Deer are our wild neighbors, forced by habitat loss into the spaces where humans now live.

These gentle herd animals are loved by many, but the disappearance of wild lands has led them into increasing conflicts with humans; they’re often killed when they wander onto roads (endangering human lives too) and they drive gardeners to distraction with their nibbling ways. They’re often targeted for mass kills to reduce their numbers, but these are ineffective and unnecessary. There are ways to peacefully coexist with deer. 

Deer fawn in the grass near some flowers
Ken Canning
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iStock.com
Deer have been forced to live close to us. They deserve our understanding.

When deer come into conflicts with humans, communities often start talking about lethal means of control. But that shouldn’t be the answer. The Humane Society of the United States has led advances in the field of immunocontraception, which provides an effective means of population control by preventing more births instead of killing the animals.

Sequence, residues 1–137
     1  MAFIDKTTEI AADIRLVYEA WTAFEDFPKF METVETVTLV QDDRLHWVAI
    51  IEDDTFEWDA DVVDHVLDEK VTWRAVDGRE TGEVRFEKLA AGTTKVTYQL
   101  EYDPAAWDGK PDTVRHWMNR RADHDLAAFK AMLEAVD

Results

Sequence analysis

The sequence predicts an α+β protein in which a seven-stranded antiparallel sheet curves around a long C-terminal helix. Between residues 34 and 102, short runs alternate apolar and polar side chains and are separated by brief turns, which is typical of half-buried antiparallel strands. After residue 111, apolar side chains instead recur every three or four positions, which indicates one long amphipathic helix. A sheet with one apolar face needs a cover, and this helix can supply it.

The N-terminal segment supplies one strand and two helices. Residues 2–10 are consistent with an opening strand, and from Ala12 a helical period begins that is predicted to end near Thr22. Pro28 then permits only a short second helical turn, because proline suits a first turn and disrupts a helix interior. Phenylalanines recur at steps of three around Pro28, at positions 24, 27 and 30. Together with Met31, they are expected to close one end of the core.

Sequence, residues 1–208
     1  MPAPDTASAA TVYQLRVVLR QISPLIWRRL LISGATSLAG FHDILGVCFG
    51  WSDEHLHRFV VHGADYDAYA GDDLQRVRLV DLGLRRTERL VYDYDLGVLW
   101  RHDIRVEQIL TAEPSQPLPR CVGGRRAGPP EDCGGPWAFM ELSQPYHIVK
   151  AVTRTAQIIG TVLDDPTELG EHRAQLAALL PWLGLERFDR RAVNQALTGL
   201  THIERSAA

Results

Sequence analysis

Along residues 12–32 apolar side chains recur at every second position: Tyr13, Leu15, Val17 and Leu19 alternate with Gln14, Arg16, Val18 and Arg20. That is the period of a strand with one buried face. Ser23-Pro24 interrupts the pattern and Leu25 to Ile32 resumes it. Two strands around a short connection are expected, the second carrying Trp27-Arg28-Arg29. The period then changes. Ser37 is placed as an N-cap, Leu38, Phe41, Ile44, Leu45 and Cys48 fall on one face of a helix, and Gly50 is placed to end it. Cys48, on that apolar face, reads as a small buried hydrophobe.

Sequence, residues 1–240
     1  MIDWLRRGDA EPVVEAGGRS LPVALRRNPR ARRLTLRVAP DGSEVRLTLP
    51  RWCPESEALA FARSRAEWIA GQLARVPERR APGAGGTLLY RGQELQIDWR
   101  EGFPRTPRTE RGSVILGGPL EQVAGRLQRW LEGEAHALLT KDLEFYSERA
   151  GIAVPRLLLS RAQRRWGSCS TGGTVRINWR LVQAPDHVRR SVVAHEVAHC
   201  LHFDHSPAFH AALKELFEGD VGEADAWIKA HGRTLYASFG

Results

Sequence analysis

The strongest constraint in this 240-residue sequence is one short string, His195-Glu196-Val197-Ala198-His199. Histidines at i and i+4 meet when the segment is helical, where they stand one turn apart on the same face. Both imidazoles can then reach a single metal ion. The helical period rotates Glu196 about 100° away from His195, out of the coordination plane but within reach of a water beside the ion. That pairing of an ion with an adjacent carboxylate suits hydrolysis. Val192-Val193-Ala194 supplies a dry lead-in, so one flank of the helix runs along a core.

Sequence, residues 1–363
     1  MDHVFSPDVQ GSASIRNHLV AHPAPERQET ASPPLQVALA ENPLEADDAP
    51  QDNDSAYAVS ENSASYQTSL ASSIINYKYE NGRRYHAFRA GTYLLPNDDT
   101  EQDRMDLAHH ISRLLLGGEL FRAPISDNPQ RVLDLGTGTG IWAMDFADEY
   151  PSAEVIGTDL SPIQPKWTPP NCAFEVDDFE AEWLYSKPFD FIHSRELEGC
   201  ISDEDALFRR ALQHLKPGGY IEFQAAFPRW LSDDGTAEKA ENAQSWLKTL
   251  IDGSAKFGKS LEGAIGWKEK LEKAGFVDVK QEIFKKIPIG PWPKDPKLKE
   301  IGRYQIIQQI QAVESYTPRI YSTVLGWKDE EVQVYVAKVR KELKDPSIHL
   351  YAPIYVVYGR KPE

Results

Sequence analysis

Did you know?

If you find a wild fawn, don’t assume they've been abandoned! Usually the mother is nearby grazing, making sure not to draw potential predators toward her little one. Unless you can see the fawn is injured or the mother is known to be dead, you don’t need to intervene.

Bird in birdbath, enjoying a humane backyard
ebettini
ebettini

No matter how big or small your outdoor space, you can create a haven for local wildlife. By pledging to provide basic needs like water, food and shelter for wildlife, you can make a difference in your own backyard.